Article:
thorityy iH done, and they are not considered of au- us an acm, n h0? t haVe ke.en T ch £etter pIeased if he had given freebooters ” ° f ” S expIolts when he was leader of a band of
denial o f its omnipotence was powerfully accentuated in Amer
ica by the very conditions o f its colonization. The good yeo
men of England who emigrated to America went in the spirit o f the noble and intrepid Kent, when, turning his back upon K ing Lear’s temporary injustice, he said that he would “ shape his old course in a country new.” Was it strange that the early colonists, as they braved the hardships and perils o f a dangerous voyage, only to be confronted in the wilderness by disease, famine and massacre, should fall back for their own government upon these primal verities of human society, and claim not only their inherited rights as Englishmen, but also the peculiar privileges o f pioneers in an unconquered wilderness?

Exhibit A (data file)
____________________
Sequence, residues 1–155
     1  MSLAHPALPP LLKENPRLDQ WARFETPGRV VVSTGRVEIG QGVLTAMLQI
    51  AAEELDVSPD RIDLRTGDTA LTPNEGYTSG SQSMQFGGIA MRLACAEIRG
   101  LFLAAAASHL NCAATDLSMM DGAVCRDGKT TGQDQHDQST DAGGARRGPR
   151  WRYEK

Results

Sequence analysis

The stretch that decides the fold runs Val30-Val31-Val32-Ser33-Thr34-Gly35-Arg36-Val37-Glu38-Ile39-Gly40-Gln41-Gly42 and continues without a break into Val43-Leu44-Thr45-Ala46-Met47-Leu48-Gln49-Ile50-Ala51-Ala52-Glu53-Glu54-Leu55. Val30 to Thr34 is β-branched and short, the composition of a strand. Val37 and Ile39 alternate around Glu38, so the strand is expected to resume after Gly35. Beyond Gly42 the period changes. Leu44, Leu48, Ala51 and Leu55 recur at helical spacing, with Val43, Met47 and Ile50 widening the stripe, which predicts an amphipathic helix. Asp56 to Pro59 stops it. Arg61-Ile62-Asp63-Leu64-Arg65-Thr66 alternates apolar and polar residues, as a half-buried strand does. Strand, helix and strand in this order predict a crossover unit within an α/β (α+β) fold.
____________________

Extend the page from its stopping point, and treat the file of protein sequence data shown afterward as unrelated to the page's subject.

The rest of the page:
There was however an earlier and more contributory source to the development of the spirit o f constitutionalism in the Colonies.
Long prior to the Tudors, the English people had had practical experience of a form o f constitutionalism in their commercial and guild charters. These gave them an attitude o f independence towards even the Crown, when it contracted w ith them fo r special rights o f semi-autonomous government.